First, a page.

The Corona pandemic is not over yet, and experts are already advising on whether to declare an emergency of international scope due to the increase in monkeypox cases. What could threaten us?
GENEVA – The number of monkeypox cases is increasing in Germany and more than 40 other countries. So the World Health Organization set up an emergency committee against monkeypox.
Independent experts advise Thursday whether public health is under threat more broadly. They then recommend declaring a “state of emergency of international concern.” Ultimately, the decision is up to the WHO. The outcome of the expert council’s deliberations will not be known until Friday.
Why the committee meeting?
The World Health Organization is concerned about the increase in reported cases. The head of the World Health Organization, Tedros Adhanom Ghebreyesus, said the virus is behaving unusually and more and more countries are affected. By mid-June, the World Health Organization had reported 2,100 good cases. Since then, the number has doubled in Germany alone.
Of concern to the WHO, 98 percent of cases were detected in countries where the virus was previously unknown, rather than in African countries that have known the infection for decades. “We don’t want to wait for the situation to get out of control,” said WHO specialist Ibrahima Sosi Fall when the committee convened.
What does the declaration of a state of emergency mean?
Declaring a Public Health Emergency of International Concern (PHEIC) is the highest level of alert the World Health Organization can raise. This has no direct practical effect. Instead, this should increase the interest of the 194 member states. The expert council makes recommendations: for example, clinics and practices should look for cases and provide information to ensure that as few people as possible become infected. WHO spokeswoman Carla Drysdale said the council was also assessing “the risks of international spread and risks to international traffic.” What conclusions governments draw from this is up to them.
If a state of emergency is declared, should the world prepare for a pandemic like the coronavirus?
No. Even after the SARS-CoV-2 virus emerged on January 30, 2020, the World Health Organization declared an “emergency of international concern”. But diseases can not be compared at all.
According to current knowledge, monkeypox is mainly transmitted from person to person through close physical contact. According to data from the World Health Organization, 99 percent of those infected are men up to the age of 65 who have sex with men. In general, anyone who has close physical contact with an infected person can become infected.
In contrast, Sars-CoV-2 coronavirus spreads through virus-containing aerosols that are produced when infected people breathe, cough, and talk. Aerosols can remain airborne for long periods of time, contributing to rapid transport.
As of January 30, 2020, Corona had 20,000 confirmed and probable infections with the new virus in China, and 83 cases reported in other countries. As of June 15, the World Health Organization has reported 2,100 cases of monkeypox from more than 40 countries.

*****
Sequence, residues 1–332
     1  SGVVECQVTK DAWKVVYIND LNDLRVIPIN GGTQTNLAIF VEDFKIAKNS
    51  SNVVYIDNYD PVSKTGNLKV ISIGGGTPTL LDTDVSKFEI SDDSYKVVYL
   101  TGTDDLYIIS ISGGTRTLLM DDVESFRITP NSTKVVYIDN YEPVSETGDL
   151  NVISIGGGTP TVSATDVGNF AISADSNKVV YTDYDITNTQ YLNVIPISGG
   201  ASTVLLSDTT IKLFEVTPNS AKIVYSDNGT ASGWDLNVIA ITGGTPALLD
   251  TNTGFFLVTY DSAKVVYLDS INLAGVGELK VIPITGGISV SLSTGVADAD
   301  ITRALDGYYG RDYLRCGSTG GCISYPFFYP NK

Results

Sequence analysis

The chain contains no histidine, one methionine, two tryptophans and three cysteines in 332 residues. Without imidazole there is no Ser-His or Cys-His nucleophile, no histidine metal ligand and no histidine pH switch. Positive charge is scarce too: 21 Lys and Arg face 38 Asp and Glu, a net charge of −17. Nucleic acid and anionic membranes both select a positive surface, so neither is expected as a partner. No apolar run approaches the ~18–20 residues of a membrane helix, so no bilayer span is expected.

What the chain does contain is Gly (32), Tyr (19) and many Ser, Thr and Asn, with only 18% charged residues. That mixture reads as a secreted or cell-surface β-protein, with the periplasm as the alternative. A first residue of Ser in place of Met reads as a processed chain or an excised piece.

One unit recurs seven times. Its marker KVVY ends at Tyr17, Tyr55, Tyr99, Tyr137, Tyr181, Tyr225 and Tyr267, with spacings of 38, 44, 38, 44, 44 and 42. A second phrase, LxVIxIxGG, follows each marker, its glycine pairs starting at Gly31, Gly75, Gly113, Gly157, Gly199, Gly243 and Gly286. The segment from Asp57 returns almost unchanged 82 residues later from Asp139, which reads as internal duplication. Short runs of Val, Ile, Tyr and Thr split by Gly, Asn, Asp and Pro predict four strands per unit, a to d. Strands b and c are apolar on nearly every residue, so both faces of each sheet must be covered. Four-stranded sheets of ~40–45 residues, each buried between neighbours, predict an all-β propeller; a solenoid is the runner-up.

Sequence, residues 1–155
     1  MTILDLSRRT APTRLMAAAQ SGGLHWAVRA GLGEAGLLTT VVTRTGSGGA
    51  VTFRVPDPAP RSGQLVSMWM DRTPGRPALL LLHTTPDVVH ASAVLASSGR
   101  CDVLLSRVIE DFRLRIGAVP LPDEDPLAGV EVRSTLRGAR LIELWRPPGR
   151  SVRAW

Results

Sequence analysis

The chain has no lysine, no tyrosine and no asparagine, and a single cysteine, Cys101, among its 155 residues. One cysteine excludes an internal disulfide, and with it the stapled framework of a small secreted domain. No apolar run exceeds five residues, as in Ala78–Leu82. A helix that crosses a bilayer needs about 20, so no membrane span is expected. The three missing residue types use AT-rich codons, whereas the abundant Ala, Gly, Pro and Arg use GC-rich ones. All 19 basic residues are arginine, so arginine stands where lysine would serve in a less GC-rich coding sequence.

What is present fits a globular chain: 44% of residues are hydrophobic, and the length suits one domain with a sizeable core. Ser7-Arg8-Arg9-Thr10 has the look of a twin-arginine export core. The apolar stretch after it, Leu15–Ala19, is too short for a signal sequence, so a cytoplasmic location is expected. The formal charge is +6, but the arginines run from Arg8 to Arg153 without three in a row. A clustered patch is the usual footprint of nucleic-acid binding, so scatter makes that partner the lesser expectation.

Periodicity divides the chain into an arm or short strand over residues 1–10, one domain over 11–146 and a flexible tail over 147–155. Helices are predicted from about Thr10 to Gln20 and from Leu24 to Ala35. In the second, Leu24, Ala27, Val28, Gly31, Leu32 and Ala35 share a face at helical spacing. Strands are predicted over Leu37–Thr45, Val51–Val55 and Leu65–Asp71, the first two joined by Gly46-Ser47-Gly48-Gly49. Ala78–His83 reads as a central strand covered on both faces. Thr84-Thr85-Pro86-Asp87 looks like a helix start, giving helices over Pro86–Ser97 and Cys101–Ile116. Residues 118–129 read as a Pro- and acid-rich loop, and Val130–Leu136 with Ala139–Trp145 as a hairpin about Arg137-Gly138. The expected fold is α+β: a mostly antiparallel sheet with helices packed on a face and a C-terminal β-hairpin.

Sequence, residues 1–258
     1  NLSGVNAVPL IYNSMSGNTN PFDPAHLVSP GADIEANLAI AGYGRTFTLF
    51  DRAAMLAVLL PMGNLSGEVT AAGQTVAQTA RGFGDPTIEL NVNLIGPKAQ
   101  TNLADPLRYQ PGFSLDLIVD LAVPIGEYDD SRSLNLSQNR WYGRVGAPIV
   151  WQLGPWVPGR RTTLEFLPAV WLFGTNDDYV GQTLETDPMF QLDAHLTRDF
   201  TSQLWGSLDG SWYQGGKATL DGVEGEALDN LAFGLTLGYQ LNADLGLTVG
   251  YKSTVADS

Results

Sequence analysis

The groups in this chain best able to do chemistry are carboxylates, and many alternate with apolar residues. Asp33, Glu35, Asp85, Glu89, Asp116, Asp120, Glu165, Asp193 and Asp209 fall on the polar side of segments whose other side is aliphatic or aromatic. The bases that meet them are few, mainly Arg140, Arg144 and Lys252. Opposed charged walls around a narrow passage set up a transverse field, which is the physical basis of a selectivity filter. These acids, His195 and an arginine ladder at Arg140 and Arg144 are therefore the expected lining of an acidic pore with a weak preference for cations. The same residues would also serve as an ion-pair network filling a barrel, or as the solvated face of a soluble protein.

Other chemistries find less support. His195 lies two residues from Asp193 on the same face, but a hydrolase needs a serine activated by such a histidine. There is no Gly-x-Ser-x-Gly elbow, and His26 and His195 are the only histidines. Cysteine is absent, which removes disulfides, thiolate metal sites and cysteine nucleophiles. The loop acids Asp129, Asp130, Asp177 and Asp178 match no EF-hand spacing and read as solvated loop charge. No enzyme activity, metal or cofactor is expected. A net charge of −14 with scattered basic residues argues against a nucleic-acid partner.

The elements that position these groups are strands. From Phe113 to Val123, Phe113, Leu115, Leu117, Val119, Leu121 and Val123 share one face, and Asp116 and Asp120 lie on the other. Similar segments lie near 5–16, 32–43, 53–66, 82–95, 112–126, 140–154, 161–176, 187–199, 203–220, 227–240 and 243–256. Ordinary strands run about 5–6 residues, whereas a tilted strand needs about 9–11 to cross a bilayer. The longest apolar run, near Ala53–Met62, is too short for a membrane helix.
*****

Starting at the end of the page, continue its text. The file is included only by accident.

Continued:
What are the pros and cons of declaring a global emergency?
First of all: Geneva health experts believe the committee is unlikely to recommend declaring a state of emergency at its first meeting.
Against that he speaks: The number of infections is not increasing explosively, because according to the current state of knowledge, transmission is much more difficult than the Corona virus. In the case of the current outbreak, no serious or fatal pathways of the disease have been observed so far. In addition, the pathogen of monkeypox is a DNA virus, not an RNA virus such as Sars-CoV-2: DNA viruses are dormant and hardly mutating. Therefore, more and more infectious variants such as corona are not expected to occur so quickly. Unlike when Corona started, there is already a vaccine. It was developed against smallpox, but is also effective against monkeypox.
Favor: The virus behaves differently than previously known. Monkeypox is actually a disease of rodents in West and Central Africa. Occasionally they jump there for monkeys as well as for humans. The infection can be transmitted from one person to another through close contact. The fact that the virus is spreading in Europe is a new fact.
The WHO has been harshly criticized on several occasions for its belated response to the threats. After the Ebola outbreak in West Africa in 2013, it responded to emergency measures only in August 2014. More than 11,000 people lost their lives. She was also accused of this in the Corona case. But the problem was more than that many countries – including Germany – despite all the warnings of the World Health Organization in January 2020, mistakenly felt that they had been well armed for too long. The World Health Organization has so far recorded more than 530 million cases of corona and more than 6.3 million deaths. Assume that there are a large number of unreported cases.
How is the situation in Germany?
As of June 22, 14 federal states have reported evidence of monkeypox, with about 520 people infected. Another increase is expected. “The current outbreak in Germany can still be reduced if the infection is identified in a timely manner and precautionary measures are implemented,” wrote the Robert Koch Institute.